On 11/30/2003 Wei Dai wrote:
I'm not saying that intelligence is not useful, just that its
social costs can help explain why we're not smarter. Of course
intelligence seems extremely useful, which is what makes our dumbness
puzzling. Is your position that the other known costs of intelligence
(more energy use, more difficult births, what else?) are sufficient to
explain this?

That and the difficulty of creating intelligence.

To make sure we're not misunderstanding each other, you're says that
having higher intelligence is not so bad, because one can either (a) still
be dumb in certain areas, or (b) fake being dumb in all areas, right? I'm
arguing that (a) is not an equilibrium, and (b) reduces the benefits of
intelligence too much.

I argue that (a) can be an equilibrium. We are rather smart in some areas, but the mechanisms in us that allow that are not up to the task of faking being dumb in other areas - we are actually dumb in those other areas. This is/was an equilibrium because people who tried to fake often got caught.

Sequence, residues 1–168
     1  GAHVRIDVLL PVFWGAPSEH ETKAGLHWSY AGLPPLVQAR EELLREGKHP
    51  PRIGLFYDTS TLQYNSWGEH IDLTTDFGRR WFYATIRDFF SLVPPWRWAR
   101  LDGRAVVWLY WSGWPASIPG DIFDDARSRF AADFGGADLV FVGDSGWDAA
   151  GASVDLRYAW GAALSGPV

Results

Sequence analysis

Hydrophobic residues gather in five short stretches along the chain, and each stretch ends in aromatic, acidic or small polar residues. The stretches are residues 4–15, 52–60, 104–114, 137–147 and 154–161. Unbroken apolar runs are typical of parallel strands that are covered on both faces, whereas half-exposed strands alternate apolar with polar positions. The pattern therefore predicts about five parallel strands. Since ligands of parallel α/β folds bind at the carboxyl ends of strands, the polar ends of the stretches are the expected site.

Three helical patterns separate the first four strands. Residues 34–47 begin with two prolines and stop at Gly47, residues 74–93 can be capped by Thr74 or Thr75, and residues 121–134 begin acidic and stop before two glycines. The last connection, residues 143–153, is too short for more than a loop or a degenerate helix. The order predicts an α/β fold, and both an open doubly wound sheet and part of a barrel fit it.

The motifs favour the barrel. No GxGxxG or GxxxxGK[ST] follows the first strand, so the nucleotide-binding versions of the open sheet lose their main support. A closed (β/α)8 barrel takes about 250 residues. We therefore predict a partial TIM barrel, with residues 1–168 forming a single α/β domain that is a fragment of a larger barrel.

I suggested that people have trouble thinking carefully about economics
because evolution make us bad at that on purpose, in order to protect our
cherished misconceptions about the social world.  There is a distribution
of such abilities, and economists tend to be in the high tail of ability.
Such people cannot typically hide this ability - others see their willingness
to cross sacred moral boundaries and are wary of them.  And in fact on
average economists are probably less trustworthy partners in various ways.
We see this in various experiments comparing economists to others.

Robin Hanson  [EMAIL PROTECTED]  http://hanson.gmu.edu
Assistant Professor of Economics, George Mason University
MSN 1D3, Carow Hall, Fairfax VA 22030-4444
703-993-2326  FAX: 703-993-2323

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